It’s Not Easy Money!

Voiceover work is not Easy Money and even if you have some talent for the work it takes some time to break in.

It doesn’t have to break the bank to figure out if you fit and where, but even once you figure that out, it takes time to develop your contacts and reputation.

If you have a demo and are struggling with winning auditions, come join a new Workout group I am starting up. This is not for beginners.

First one is April 25, 2017. On Facebook? Click this link for the Information. Not on Facebook? Drop me a note and I’ll give you the details.


Another post on how to sound natural

One of the most frequent comments you hear during class is that the reads sounds like reading. That to grab a producer by the ears and make them pick you for the project, you have to sound like you are NOT reading. Hard to do when the copy is bad, but still a concept that you need to think about.

Here is another article by Paul Strikwerda to help you figure it out for yourself.

Here is a bit of the article – read the whole thing to get inspired for your next recording.

The relationship between a narrator and a listener is delicate, and intimate. Rarely will you be closer to a human being than when you’re whispering into his or her ear, even though both of you are invisible to the other.

At that moment of connection, you breathe life into the lines, creating a world with your words. It is your job to make that experience as truthful and natural as possible. When you manage to do that, a few things will happen:

1. The listener will be able to focus on the content, without being distracted by an over-the-top delivery.

2. The listener will become more receptive to your message, because you sound more real.

3. By treating your voice gently, you’ll be able to go on longer, because you’re not putting so much stress on your vocal folds.

Reading Ahead as You Read Copy

Another great article by Edge Studio!

If you find that you are not connecting with the copy, or you stumble a lot as you read, try using your peripheral vision.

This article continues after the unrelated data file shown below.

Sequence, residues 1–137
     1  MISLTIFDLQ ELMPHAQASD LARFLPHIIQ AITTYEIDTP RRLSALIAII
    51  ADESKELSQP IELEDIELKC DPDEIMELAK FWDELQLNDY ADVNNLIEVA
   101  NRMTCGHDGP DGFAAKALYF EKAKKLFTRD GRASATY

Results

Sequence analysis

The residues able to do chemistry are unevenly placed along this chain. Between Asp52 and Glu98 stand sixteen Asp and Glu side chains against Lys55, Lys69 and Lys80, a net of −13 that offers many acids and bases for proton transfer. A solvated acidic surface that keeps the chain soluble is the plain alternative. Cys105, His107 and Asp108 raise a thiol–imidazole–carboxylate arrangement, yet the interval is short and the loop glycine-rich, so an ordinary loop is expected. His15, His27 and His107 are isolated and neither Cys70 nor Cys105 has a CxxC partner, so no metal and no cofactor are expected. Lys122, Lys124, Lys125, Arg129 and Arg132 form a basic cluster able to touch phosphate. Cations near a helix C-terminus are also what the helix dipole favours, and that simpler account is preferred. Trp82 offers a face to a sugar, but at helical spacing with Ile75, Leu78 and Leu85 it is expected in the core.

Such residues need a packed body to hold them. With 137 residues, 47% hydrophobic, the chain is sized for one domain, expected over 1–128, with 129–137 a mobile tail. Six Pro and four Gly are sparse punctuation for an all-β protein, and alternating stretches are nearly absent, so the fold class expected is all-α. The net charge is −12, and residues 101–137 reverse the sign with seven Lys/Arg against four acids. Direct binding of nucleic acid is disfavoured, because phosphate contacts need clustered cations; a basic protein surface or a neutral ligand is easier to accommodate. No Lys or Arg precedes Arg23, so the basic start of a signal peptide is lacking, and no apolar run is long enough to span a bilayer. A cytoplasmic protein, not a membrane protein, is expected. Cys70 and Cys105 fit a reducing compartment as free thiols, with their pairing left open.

This skill comes in very handy when you have to cold read anything. It will help increase your fluency. It will help you see what is going to happen next so that your brain can find the right words to emphasize.

Here are some practical exercises to help develop this skill.

What is a Casting Director?

Another great blog post from Kate McClanaghan at Sound Advice.

This time she spills the beans on what a Casting Director does. We talked about this in class, but read how Kate explains the difference between a Talent Agent and a Casting Director.

Also included in this blog post is insight on auditioning and how your own acting skills trump everything. You need to bring it to the table without a lot of prompting. A reminder to know yourself. Find the meaning of the words in front of you and bring them to life. Believe what you are saying about that toilet cleaning product. It really is amazing. <smile>

Sound Advice Podcasts – Listen!

There are so many resources (free resources) available to help you start thinking and performing as a voiceover professional. At some point, you should take some classes or get some coaching in order to help focus your efforts and reach your potential, but if you are just dabbling and want to see what makes sense – what rings true – what works for you as a performer, then watch, listen and read everything you can get your hands on.

Kate McClanaghan has the Sound Advice Podcasts –

Well worth the time to listen to them! The top one (at the moment) delves into the “3-in-a-row” concept.

Susan Bennett – “Siri” – Talks About Voiceovers

Here is yet another great interview (on – a news channel) about what it take to do voiceover work. Susan Bennett, the original voice of “Siri” is a working voice talent and in this interview covers some of the voice styles we need to do as we audition for and work for projects.

This video includes some fake spots in different attitudes. While she might not have gotten hired to do these spots if these were auditions, it effectively illustrates the point.

As you practice, try reading the same piece of copy with these different attitudes. Then, after holding those attitudes through the whole script, you should be able to hone in on the “right” attitude for the copy. Reading it with different attitudes is similar to reading it with different characters – because your characters should have a strong point of view – or “attitude.” And once you let them loose on the copy, you understand it better and it can be easier to find the “right” approach.